Alchemy is the art and science of transformation. This is not an easily understood art, because the primal medium of alchemical expression is through the use of allegory and mythological symbols, which can be interpreted simultaneously both at a material and a spiritual level. The primary goal of alchemy is to bring all things, including humanity to its pre-ordained state of perfection. To that end, the alchemical theory states that eternal wisdom remains latent, dormant and obscure in humanity so long as a mundane state of ignorance and superficiality exists. The objective of alchemy is the uncovering of this inner wisdom, and the removal of the veils and obstacles between the mind and its intrinsically pure divine source.

It is this spiritual alchemy, as opposed to the purely chemical art, that the Golden Dawn stresses. The initiation of an aspiring magician into the Neophyte grade commences the spiritual alchemical process. The Neophyte is the base material that is to be transmutated by the work (or art) of the Hermetic path. Further initiations into the elemental grades are analogous to the processes of separation and purification. Initiation into the Portal and Adept grades represents the cohobation or recombination of the elemental constituents of the magician's psyche into a purified whole. However, the process does not end there. The Adept must incorporate the Quintessence into his or her being, an endeavor that may take a lifetime to achieve. This Great Work or quest for spiritual gold is a long undertaking; although the goal may be distant, every step along the path is infinitely rewarding.        

Golden Dawn students are required to study the various terms, symbols, and concepts used in alchemy. They are not required to practice laboratory alchemy.

Sensitive people have gotten a bum rap. We live in a world that doesn't embrace the values of sensitivity, so we get told that we are weak, unusual, touchy, and hard to please. The sad truth is that we hear these messages in many ways throughout our lives. Even if it is from a well-meaning teacher or parent who tries to "toughen us up," the crux... read this article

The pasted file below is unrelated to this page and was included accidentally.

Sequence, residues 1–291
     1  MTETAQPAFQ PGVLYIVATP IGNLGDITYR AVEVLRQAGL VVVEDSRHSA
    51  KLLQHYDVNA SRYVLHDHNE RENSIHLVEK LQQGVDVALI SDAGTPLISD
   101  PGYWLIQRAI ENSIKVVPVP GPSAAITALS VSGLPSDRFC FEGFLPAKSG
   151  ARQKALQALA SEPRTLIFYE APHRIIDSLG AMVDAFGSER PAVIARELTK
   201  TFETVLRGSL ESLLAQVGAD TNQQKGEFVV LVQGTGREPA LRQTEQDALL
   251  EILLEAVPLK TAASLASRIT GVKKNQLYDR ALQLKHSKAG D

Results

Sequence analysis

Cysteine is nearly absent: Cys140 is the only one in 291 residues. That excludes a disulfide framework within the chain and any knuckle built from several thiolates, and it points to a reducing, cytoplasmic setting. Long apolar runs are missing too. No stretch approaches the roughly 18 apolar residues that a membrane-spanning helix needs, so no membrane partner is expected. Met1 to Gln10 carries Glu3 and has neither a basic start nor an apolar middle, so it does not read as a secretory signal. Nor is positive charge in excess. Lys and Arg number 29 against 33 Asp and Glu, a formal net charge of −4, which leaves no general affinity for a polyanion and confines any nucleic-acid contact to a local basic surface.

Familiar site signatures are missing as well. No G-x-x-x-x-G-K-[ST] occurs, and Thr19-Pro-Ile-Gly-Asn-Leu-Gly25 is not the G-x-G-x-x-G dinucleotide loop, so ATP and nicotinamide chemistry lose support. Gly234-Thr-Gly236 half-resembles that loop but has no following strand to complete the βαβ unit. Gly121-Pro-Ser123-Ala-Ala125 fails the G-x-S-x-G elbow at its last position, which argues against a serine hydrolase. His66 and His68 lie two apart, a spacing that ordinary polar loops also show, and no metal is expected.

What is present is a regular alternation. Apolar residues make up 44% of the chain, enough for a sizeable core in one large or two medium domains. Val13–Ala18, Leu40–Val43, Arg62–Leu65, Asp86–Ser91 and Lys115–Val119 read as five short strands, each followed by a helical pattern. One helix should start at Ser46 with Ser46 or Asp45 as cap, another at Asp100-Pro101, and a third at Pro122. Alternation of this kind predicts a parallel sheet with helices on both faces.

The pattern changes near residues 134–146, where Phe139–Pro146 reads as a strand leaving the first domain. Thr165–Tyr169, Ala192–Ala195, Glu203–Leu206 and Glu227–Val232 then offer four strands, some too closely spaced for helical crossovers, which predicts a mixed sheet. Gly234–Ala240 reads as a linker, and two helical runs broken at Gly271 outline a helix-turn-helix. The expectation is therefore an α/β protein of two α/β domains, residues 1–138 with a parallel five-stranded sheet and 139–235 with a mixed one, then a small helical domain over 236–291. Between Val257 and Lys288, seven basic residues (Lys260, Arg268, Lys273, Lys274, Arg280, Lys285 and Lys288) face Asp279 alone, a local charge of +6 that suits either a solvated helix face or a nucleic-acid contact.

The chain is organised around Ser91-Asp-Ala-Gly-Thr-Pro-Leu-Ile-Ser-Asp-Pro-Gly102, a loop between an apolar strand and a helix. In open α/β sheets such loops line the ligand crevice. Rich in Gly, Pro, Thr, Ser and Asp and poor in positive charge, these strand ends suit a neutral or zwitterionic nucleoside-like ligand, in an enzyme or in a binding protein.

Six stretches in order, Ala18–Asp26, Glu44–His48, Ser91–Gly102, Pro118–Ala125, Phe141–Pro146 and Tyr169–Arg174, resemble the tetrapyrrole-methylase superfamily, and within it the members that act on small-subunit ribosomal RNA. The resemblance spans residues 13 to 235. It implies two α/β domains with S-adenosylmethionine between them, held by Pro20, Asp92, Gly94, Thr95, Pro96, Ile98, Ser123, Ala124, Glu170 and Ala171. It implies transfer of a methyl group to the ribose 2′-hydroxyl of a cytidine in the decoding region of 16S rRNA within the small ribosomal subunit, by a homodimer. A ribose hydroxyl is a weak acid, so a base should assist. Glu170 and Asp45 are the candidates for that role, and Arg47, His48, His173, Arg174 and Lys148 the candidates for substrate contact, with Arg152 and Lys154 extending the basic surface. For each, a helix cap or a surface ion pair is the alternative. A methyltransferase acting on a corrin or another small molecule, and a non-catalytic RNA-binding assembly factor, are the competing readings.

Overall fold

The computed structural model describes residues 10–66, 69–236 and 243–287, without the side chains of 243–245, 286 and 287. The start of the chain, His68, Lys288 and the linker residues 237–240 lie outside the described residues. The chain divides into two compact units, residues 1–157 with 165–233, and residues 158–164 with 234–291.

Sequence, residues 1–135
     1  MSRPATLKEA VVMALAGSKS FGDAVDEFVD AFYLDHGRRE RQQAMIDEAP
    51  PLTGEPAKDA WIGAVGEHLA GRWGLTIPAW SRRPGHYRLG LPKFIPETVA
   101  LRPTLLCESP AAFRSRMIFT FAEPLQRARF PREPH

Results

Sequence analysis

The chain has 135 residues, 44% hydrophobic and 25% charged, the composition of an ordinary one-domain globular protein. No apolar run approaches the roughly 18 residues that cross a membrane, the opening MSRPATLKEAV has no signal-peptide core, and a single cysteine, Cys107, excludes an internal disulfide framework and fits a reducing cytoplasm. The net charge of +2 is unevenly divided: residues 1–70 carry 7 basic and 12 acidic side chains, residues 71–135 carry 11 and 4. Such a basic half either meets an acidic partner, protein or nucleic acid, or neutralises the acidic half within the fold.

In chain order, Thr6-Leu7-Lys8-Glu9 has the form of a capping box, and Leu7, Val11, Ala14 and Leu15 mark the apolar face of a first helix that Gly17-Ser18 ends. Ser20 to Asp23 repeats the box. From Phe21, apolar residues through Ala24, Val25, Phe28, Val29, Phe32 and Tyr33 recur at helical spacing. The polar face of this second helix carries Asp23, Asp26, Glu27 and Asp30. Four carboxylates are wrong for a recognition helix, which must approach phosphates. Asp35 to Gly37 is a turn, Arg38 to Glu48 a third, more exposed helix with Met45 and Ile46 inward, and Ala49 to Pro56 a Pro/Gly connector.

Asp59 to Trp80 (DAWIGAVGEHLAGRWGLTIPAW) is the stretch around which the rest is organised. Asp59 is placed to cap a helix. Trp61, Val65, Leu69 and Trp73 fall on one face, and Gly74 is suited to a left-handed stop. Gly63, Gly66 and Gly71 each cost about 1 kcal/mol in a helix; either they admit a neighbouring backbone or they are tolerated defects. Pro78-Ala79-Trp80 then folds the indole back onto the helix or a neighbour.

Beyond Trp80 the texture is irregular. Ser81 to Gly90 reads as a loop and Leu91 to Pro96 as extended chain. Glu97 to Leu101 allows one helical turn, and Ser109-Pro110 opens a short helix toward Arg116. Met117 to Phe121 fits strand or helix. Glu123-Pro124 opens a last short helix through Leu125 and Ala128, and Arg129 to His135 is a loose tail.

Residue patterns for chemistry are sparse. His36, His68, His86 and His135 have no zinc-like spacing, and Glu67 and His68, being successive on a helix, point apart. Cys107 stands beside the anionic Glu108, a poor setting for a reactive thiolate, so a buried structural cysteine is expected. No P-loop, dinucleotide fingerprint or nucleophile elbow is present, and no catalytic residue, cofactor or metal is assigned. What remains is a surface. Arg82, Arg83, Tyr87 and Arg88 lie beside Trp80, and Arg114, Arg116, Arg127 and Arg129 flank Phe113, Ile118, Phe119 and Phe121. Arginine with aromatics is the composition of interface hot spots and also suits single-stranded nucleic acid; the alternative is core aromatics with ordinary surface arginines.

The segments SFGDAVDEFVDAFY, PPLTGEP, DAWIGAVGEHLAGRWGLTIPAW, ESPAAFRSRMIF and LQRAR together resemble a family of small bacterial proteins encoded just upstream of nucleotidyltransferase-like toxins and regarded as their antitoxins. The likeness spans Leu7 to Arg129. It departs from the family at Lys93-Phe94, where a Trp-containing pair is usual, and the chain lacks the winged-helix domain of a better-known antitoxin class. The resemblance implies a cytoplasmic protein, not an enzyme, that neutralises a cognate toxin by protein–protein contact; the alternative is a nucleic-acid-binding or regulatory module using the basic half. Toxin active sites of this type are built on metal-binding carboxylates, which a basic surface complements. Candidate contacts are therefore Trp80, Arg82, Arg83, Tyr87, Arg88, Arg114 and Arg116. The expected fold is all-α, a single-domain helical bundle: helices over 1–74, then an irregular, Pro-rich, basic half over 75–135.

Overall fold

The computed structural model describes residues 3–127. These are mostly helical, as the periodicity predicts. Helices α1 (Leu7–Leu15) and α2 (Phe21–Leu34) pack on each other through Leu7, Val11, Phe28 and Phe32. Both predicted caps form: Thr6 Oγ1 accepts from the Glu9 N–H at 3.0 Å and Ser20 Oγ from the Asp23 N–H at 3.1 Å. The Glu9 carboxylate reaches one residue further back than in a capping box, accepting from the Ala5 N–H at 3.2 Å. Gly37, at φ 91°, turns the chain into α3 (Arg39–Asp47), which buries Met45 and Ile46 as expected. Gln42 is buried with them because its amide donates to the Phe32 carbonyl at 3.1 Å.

Remaining Magickal in the Midst of Chaos
Sacred Space, Tarot, and Your Magical Practice
The Magical Use of Prayer Beads
The Future of Money Magic: What Do We Put Under the Candle When Our Currency Goes Digital?
Understanding the Moon Signs of Others

Most recent posts:
Are You a Sensitive Empath?
Readers, please enjoy this guest blog post by Dr. Kyra Mesich, author of the new Strength of Sensitivity. I've dedicated my holistic psychology...

The Cards as Living Entities
In just a few months (August, to be precise), Llewellyn’s Complete Book of Tarot by the knowledgeable experienced, and delightful writer Anthony...

Magickal Scavenger Hunts
Readers, please enjoy this guest blog post by Melanie Marquis, author of A Witch's World of Magick, The Witch's Bag of Tricks, the forthcoming Modern...




The Madness of Mercury The Madness of Mercury
By: Connie di Marco
Price: $14.99 US,  $17.50 CAN
Journey of Souls Journey of Souls
Case Studies of Life Between Lives

By: Michael Newton
Price: $17.99 US,  $20.95 CAN
The Linestrider Tarot The Linestrider Tarot
By: Siolo Thompson
Price: $28.99 US,  $33.50 CAN
Wicca Wicca
A Guide for the Solitary Practitioner

By: Scott Cunningham
Price: $14.95 US,  $16.95 CAN
Easy Tarot Easy Tarot
Learn to Read the Cards Once and For All!

By: Josephine Ellershaw, Ciro Marchetti
Price: $19.95 US,  $21.95 CAN